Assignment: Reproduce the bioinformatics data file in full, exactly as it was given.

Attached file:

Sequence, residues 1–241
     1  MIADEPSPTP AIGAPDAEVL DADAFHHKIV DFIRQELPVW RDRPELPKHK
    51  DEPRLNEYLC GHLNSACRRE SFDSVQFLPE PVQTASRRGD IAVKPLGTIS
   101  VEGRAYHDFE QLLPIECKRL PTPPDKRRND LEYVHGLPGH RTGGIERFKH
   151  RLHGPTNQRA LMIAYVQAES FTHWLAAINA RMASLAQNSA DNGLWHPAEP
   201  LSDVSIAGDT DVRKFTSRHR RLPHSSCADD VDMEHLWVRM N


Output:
Sequence, residues 1–241
     1  MIADEPSPTP AIGAPDAEVL DADAFHHKIV DFIRQELPVW RDRPELPKHK
    51  DEPRLNEYLC GHLNSACRRE SFDSVQFLPE PVQTASRRGD IAVKPLGTIS
   101  VEGRAYHDFE QLLPIECKRL PTPPDKRRND LEYVHGLPGH RTGGIERFKH
   151  RLHGPTNQRA LMIAYVQAES FTHWLAAINA RMASLAQNSA DNGLWHPAEP
   201  LSDVSIAGDT DVRKFTSRHR RLPHSSCADD VDMEHLWVRM N